And, of course, I cannot forget to mention the immensely emotional journey that was my novels class. As I told everyone on the last day, becoming an author was always a huge dream growing up, but one that remained incredibly abstract and unattainable. The class gave me the concrete steps I needed to turn that dream into a realistic possibility.

Not to mention, my professor shot down my initial work in progress that I desperately wanted to work on. Looking back, I realized my frustration at not getting to work on my work in progress was a result of fear.

I truly believed I had no other stories to tell.

But I wrote a story that is very close to my heart. Remember freshman Annah I mentioned? When I was really insecure? That is essentially what my story is about—a girl overcoming herself and her own doubts in her abilities and value as an individual. I believe in Ryden, my protagonist’s, story, and I will work my butt off to get it published. I believe in her story because I believe in my story, and I believe the world needs to hear my story because it is unlike anyone else’s. I am confident in that.

I’m aware I’m going to be opening my heart to anyone who chooses to pick my book off the shelf, but that is a risk I am officially willing to take.

Outside of my professional and academic growth, I’ve realized there are two big changes in my social life, too.

  1. I am willing to have hard and necessary conversations with my loved ones.
  2. I have become unapologetic in building relationships. If I think you’re cool, I let you know. There’s no beating around the bush or being afraid of other people’s opinions anymore.

Okay, okay, enough about me. Can I just talk about the people I have been blessed with this year? This is the moment you all have been waiting for, right?

Firstly, my apartment-mates from both semesters. They helped me through my grief with prayers and laughter. They listened to my frustrations and confusion over a billion different things. (Ah, the female mind.) They showed me tons of hilarious videos. Not to mention, they put up with my loud music and the times I jumped out and scared some of them.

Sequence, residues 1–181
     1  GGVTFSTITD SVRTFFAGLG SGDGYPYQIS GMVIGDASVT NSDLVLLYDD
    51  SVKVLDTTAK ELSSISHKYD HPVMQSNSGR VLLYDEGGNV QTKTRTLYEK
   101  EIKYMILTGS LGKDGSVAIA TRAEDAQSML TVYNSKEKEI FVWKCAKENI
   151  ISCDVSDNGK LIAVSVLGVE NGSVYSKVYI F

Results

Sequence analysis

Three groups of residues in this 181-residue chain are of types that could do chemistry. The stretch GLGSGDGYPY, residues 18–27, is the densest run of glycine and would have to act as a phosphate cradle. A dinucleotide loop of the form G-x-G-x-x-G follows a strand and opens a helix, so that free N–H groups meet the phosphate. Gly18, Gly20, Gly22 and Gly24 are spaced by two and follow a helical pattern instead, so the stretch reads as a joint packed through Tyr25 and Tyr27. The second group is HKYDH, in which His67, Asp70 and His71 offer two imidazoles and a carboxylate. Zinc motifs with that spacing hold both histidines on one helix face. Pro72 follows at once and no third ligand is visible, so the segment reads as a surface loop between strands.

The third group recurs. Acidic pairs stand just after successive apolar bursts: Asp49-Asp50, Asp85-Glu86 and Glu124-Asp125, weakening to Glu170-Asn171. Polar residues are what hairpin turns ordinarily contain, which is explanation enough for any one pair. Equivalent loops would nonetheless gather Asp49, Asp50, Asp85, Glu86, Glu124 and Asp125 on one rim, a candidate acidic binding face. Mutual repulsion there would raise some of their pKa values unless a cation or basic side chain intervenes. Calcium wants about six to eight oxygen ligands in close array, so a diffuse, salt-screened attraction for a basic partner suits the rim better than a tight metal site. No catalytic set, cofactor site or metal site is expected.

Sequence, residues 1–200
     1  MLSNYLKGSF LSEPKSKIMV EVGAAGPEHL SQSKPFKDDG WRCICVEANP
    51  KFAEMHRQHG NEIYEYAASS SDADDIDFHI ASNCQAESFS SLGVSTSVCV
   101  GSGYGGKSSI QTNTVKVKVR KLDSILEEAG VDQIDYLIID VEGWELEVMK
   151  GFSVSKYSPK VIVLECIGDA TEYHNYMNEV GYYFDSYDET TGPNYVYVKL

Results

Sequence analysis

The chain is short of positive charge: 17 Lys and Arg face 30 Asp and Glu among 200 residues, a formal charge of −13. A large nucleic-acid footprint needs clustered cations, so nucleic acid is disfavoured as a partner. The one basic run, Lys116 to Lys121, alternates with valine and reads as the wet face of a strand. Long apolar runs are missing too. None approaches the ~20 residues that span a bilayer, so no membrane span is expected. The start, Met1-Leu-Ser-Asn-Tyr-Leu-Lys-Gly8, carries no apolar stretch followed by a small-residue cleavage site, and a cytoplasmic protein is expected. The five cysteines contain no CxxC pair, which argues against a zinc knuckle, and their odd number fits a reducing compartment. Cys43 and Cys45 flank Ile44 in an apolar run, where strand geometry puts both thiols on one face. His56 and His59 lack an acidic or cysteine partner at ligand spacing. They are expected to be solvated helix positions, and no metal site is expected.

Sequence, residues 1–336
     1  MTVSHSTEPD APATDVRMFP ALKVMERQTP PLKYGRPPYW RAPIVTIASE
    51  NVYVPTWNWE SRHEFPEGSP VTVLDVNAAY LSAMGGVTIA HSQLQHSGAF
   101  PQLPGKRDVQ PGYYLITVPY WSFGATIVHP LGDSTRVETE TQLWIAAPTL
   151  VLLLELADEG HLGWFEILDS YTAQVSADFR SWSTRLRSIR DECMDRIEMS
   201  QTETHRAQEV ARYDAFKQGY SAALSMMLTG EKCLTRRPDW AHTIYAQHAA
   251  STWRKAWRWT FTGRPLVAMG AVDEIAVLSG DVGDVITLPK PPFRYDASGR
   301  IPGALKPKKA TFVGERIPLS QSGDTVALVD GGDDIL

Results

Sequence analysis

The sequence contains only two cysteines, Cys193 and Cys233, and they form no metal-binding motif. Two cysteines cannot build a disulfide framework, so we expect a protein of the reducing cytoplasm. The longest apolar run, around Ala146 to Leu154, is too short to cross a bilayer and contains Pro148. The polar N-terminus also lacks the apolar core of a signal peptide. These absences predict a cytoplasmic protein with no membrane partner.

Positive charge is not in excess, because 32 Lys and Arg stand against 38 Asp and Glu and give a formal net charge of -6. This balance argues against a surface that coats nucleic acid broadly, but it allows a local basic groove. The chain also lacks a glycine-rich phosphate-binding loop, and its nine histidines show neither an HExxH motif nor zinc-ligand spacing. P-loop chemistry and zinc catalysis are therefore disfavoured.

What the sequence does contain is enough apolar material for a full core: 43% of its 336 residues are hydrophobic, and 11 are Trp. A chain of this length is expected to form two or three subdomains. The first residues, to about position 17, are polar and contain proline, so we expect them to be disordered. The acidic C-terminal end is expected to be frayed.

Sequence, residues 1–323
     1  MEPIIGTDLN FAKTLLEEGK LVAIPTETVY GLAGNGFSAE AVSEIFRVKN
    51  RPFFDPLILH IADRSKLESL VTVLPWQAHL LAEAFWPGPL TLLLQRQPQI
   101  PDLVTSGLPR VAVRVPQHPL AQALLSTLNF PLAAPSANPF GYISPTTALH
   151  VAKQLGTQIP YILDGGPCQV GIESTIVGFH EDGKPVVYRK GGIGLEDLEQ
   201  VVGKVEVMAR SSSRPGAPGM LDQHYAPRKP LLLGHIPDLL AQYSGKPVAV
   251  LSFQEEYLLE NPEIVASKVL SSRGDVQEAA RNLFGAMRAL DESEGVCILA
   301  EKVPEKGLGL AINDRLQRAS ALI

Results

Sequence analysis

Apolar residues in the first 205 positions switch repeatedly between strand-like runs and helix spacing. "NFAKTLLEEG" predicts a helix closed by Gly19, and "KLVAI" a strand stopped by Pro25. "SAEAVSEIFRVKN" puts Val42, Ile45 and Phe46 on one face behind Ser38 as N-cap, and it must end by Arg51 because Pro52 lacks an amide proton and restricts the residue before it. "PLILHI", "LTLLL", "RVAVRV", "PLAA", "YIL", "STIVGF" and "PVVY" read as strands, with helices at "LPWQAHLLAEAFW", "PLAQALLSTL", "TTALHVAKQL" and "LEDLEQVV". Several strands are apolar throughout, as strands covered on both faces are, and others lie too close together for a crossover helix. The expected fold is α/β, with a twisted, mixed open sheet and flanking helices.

Secondly, shout out to the “sharpening friends.” A couple of them were my apartment-mates, but we did an incredibly valuable book study together first semester about rejection, which also was an immense necessity in a time of grief. We had some much-needed discussions and heart-to-hearts.

I already wrote a long post about James Fixx, but he and the rest of the students in the recording arts program really made me feel welcome at my internship, which I am incredibly grateful for. They were the “coworkers” I didn’t have, and they made my work fifty times more enjoyable through pictures, interviews, social media posts, and music projects.

I am thankful for Kelly and our great coffee dates, when we talked more about life than homework. I am grateful for Michelle who I ate with three days a week. She reminded me of God’s goodness every meal. Keri and Ceilidh are the biggest reasons I survived the non-stop work in our novel class, and motivated me when I had no motivation. Deb keeps me creative and awkward in the best ways possible, even when she’s hours away. Becky is the biggest hero I know and inspires me regularly.

But wait—there’s more. Shout out to Peter from Oregon for making me laugh on a daily basis and taking time to listen to my random thoughts even though he’s super famous. Thank you to Kevin @ Seven for letting me be on my very first radio show (which was a hecka ton of fun!!! I have the audio recording to prove it.) Also, I have to thank Michael for letting me take pictures of him before I really knew him, believing in my amateur photography skills, and putting up with my incessant sass. What wonderful goons.

Last but in no way least is an appreciation statement for Miranda, who has become such a devoted friend in the blink of an eye. I am so grateful I can remember faces well when others can’t, because that is how we ended up hanging out for the first time this semester—she wanted to know how I knew her (from like a two second interaction over a year ago).

Thank heavens it is never too late to make friends, because there are so many quality people around campus. I’m sure I’ll have some new friends after my coming trip to Ireland as well. But again, I truly mean it when I say I could not have done this year without all of these people and so many more. Every smile and interaction from every single person pushed me through both semesters. Community is so needed and I cannot emphasize that enough. We need each other, sometimes in more ways than we can even know until we are at rock bottom.